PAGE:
Wednesday, 7 November 2012


The beginning of things is always a moment enshrined in history. The greater the thing, the greater the myth, especially for those few who founded entire civilisations, for whom myth and history can be so closely intertwined as to be nigh on indistinguishable. One such hero was Cadmus.

The Rape of Europa
Painting by Titian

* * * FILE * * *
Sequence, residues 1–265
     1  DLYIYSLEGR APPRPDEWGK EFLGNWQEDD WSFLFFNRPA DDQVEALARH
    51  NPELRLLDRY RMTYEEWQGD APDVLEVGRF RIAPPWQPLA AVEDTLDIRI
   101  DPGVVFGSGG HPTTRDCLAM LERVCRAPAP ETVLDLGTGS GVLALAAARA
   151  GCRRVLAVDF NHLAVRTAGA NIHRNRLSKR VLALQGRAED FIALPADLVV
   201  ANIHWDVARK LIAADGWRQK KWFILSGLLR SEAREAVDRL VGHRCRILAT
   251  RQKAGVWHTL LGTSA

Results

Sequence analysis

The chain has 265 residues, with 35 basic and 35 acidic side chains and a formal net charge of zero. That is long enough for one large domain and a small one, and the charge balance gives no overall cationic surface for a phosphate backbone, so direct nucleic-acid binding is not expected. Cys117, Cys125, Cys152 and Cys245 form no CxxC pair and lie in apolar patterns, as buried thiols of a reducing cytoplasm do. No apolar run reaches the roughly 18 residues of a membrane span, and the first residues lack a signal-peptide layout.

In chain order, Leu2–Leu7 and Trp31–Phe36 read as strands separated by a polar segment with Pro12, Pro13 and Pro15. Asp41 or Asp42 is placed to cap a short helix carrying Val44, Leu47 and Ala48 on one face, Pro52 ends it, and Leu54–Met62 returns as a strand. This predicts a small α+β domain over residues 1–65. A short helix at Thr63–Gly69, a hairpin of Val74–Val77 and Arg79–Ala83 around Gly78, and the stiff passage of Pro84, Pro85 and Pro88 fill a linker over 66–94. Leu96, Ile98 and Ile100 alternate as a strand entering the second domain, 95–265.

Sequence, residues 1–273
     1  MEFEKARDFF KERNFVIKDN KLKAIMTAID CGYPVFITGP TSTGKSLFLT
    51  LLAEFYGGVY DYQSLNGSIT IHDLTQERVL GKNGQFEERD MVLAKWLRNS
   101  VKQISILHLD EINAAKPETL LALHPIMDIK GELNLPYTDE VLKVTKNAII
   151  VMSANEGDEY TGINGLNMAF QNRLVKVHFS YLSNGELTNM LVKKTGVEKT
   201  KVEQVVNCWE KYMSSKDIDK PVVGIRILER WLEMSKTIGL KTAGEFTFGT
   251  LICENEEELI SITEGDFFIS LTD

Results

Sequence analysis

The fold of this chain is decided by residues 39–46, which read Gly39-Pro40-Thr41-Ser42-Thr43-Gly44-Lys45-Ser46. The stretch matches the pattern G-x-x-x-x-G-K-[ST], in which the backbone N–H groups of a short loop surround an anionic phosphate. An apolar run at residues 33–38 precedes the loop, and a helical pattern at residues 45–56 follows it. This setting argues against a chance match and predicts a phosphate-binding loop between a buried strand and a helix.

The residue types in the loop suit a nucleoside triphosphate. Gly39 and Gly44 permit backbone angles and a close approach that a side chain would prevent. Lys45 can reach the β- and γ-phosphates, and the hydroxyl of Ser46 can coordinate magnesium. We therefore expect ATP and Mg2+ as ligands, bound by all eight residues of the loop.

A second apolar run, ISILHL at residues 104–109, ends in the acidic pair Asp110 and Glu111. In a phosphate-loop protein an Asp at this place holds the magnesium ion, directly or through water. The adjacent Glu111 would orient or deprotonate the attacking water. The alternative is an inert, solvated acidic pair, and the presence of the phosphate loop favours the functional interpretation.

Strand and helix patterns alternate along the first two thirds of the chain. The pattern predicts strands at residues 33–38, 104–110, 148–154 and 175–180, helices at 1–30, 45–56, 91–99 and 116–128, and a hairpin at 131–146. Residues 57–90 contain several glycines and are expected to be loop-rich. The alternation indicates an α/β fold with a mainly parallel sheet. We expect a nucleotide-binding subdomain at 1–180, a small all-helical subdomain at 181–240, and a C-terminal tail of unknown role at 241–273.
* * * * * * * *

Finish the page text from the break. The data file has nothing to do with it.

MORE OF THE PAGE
Far past, in the distant mists of time, there ruled over the great city of Tyre the King Agenor and his Queen Telephassa. Under their happy and benevolent rule Tyre rose to great heights, and the the Tyrians were blessed with a formidable progeny. To the royal family were born three sons; Phoenix, Cilix and Cadmus, and a daughter, Europa. Tyre rejoiced in the splendour of each of her heirs, each magnificent to behold and strong of heart. As the four grew up, the future seemed radiant for the great city. But it was not only man and woman who admired the majesty of these four, for they, as all things, could not escape the gaze of the Olympians on high. No mere nymph, dryad or spirit, but Zeus himself, King of the all gods, became enamoured of the young princess Europa. One sun drenched day, Europa danced merrily by the ocean's edge, under the Thunderer's watchful gaze. Transfixed by her beauty, Zeus came down to the Earth as a mighty white bull, of gleaming horns and glistening coat. Europa looked up, entranced at the majestic sight before her. Laying a fair hand upon the Bull's shining mane, in a bewitching trance she dared to mount its back. Gently, the Bull turned toward the surf, and sauntered into the waves. Triumphant, Zeus spirited her beyond the horizon, glorying in his prize, as the maiden held on, taken up in the thrill of adventure, as the land fell away behind her. Never again was she to be seen again on Tyrian shores.